As April swings around again, the same events come to mind: spring cleaning, filing taxes, and end-of-year standardized testing for the students in your life. Each one of these activities requires organization, preparation, and the right mental attitude.
With more school options than ever, some requiring specific cut scores for acceptance, increased importance is placed on students’ end-of-year test scores on national achievement tests. For families with young children who have never experienced “high-stakes” testing, this can be a stressful experience. However, there are steps you can take to reduce testing anxiety and increase achievement.
First and foremost, it is important to recognize what stress and pressure is coming from you, the parent. We all want our children to do the best and be the best in their class. Having high expectations is not a bad thing. In fact, parents who set high expectations for their children from a young age instill personality traits such as motivation and determination that become second nature. However, when the drive to outperform others becomes the only focus, students can become riddled with the fear of failure. It is important to remind students that doing their best on these tests is a personal goal.
Reduce the pressure to be the best in the class by emphasizing the importance of individual achievement. Competition is healthy and drives motivation to succeed. Keep that competitive spirit alive, but the only opponent should be one’s own past performance. Help your child set goals that focus on improving his or her individual score and not goals that focus on outperforming other students.
Set the Tone
Secondly, the mood and tone you use to talk about “high-stakes” testing with your children is important in setting them up for success. It is true what they say: Children’s brains are sponges. They absorb new information as well as unspoken information in the form of their physical environment. Teachers recognize this in their classrooms and make efforts to create a calm, comfortable space for students to do their best. As you talk about new testing scenarios in which young students may not be familiar, be sure to remain positive and encouraging. Now is not the time to debate the fairness of standardized tests or rehash negative personal experiences with these types of assessments. Keep the mood light and comfortable when discussing the test. Without even knowing it, children adopt their parents’ attitudes on issues and events they have not experienced before. Give them the best chance for success by always being positive and reassuring when talking about school in general.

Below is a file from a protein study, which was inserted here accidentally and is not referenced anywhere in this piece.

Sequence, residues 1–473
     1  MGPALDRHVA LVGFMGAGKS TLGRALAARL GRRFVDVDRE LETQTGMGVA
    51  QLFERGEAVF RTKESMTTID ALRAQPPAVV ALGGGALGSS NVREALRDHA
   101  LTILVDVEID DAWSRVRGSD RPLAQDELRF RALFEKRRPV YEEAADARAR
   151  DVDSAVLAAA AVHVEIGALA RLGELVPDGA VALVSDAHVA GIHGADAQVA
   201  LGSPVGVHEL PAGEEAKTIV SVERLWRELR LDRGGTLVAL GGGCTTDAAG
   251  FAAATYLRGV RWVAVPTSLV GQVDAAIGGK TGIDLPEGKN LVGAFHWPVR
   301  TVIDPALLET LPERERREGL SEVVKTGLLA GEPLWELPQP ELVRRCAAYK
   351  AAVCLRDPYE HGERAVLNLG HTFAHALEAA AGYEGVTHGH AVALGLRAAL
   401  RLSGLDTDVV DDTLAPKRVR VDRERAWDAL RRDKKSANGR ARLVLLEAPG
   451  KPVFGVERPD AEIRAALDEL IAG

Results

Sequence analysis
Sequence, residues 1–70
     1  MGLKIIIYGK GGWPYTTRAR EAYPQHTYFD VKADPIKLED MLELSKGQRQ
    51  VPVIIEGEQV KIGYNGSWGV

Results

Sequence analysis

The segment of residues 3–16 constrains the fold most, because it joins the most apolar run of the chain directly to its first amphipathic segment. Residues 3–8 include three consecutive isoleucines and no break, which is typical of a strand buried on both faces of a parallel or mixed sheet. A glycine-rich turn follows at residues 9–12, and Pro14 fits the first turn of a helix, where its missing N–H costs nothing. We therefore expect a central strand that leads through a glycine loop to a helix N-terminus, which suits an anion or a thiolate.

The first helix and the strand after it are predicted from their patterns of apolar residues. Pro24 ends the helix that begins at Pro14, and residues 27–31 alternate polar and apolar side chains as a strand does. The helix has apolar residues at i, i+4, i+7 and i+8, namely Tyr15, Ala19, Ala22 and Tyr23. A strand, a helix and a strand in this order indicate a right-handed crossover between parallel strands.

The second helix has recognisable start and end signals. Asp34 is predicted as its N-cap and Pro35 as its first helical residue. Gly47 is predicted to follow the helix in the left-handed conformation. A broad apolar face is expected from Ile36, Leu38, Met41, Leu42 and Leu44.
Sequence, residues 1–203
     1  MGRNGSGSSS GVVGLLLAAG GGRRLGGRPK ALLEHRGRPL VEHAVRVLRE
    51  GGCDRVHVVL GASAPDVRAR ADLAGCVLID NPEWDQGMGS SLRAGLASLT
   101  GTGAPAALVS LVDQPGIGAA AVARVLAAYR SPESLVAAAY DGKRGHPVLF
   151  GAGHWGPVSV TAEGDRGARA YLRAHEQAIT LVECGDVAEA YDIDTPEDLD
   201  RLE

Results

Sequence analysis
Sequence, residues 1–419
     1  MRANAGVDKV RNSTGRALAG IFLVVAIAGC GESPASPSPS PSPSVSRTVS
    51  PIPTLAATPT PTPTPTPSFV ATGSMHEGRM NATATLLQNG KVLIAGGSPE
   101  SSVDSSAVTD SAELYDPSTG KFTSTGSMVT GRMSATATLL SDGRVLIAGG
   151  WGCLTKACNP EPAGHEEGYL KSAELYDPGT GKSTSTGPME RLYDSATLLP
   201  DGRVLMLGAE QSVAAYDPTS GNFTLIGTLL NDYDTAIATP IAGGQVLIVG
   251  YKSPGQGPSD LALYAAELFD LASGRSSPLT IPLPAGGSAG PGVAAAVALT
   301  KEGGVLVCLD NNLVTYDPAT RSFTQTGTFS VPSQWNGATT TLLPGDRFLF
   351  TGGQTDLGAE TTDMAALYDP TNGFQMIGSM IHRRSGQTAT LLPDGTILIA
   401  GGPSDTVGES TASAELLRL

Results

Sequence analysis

During these conversations, let your child tell you how they are feeling about the upcoming assessment. Depending on your child, they may have a lot to say on the issue, or not much at all. Give them an opportunity to tell you how they are feeling and push them to be truthful and open. For young students still new to a week of standardized test taking, they may have a lot of questions or feelings of nervousness and anxiety. By simply giving them a safe space to discuss fears and doubts, negative feelings can be released and start to diminish.
Test Prep Tips
Now that you have eliminated pressure and set the right mood toward standardized achievement tests, follow these test prep tips to make the week of testing smooth sailing. First, in the weeks leading up to testing time, make sure your child is at school and well-rested each day. New information and test-taking strategies will be discussed and practiced every day leading up to the test. Do not miss these opportunities to rehearse for the big day! Second, ask your child’s teacher which specific skills need strengthening and set time aside at home to work on these skills. Use this information to guide study time at home. Speaking of study time at home, make sure your child is working in a quiet, well-lit environment and taking short mini-breaks to stretch or get moving. Again, sleep is very important, so study time should never impede on a good night’s sleep.
Be your child’s biggest cheerleader this testing season. By implementing good study habits, knowing what skills your child needs specific help with, and making test taking a game of self-improvement — not outsmarting classmates — you and your child will make it through end-of-the-year testing with flying colors!
Emily Jamerson is a teacher in the CLUE gifted-learning program at Snowden School in Memphis.